Surely goodness and mercy shall follow me all the days of my life; And I will dwell in the house of the Lord for ever.
Today I want to share with you some thoughts on this verse from C. H. Spurgeon for your edification and encouragement:
This is a fact as indisputable as it is encouraging, and therefore a heavenly verity, or “surely” is set as a seal upon it. This sentence may be read, “only goodness and mercy,” for there shall be unmingled mercy in our history. These twin guardian angels will always be with me at my back and my beck. Just as when great princes go abroad they must not go unattended, so it is with the believer. Goodness and mercy follow him always–“all the days of his life“–the black days as well as the bright days, the days of fasting as well as the days of feasting, the dreary days of winter as well as the bright days of summer. Goodness supplies our needs, and mercy blots out our sins.
“And I will dwell in the house of the Lord for ever.” “A servant abideth not in the house for ever, but the son abideth ever.” While I am here I will be a child at home with my God; the whole world shall be his house to me; and when I ascend into the upper chamber I shall not change my company, nor even change the house; I shall only go to dwell in the upper storey of the house of the Lord for ever.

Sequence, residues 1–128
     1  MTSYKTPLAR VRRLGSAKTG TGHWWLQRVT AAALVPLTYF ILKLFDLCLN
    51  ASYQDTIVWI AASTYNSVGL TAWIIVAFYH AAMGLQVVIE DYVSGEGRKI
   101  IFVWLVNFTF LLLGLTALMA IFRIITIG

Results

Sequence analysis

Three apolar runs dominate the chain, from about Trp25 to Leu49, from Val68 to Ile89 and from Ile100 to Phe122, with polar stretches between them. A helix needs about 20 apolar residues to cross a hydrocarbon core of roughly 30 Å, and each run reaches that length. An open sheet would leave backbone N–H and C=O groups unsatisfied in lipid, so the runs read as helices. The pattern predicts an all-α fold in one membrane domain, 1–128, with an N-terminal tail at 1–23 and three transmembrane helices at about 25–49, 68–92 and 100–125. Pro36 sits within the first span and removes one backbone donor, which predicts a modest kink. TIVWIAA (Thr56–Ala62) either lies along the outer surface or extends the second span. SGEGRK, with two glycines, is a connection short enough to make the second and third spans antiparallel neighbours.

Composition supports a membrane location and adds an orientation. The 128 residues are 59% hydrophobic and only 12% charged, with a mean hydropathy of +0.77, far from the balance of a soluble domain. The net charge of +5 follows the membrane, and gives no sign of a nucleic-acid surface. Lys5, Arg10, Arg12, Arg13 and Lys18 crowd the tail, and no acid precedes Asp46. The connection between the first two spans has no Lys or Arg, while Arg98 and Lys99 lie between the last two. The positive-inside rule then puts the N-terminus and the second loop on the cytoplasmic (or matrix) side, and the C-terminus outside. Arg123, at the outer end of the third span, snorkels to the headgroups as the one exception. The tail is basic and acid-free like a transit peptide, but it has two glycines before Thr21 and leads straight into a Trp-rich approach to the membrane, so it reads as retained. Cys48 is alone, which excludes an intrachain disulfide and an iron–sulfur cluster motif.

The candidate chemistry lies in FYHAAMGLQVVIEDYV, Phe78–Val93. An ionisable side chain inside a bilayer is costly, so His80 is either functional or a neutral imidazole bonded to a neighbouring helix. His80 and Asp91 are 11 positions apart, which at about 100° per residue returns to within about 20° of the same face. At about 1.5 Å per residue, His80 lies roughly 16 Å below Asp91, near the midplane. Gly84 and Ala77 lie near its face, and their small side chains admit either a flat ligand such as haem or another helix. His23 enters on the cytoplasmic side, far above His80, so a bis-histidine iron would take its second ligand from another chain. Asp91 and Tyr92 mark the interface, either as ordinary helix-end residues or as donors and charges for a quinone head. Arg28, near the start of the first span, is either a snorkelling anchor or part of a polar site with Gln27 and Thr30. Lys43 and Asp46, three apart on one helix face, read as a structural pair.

May God grant us grace to dwell in the serene atmosphere of this most blessed Psalm!
Spurgeon gives the following quote from the Puritan writer and preacher William Fenner (1600-1640) from his work THE SACRIFICE OF THE FAITHFUL, which I think is worthy of strong consideration (I have updated some of the words):
A wicked man, it may be, will turn into God’s house, and say a prayer, etc., but the prophet would (and all godly men must) dwell there for ever; his soul lies always at the throne of grace, begging for grace. A wicked man prays as the cock crows; the cock crows and ceases, and crows again, and ceases again, and thinks not of crowing till he crows again: so a wicked man prays and ceases, prays and ceases again: his mind is never busied to think whether his prayers are successful or not; he thinks it is good religion for him to pray, and therefore he takes for granted that his prayers are successful, though in very deed God never hears his prayers, nor no more respects them than he respects the lowing of oxen, or the grunting of hogs.
Have a great week!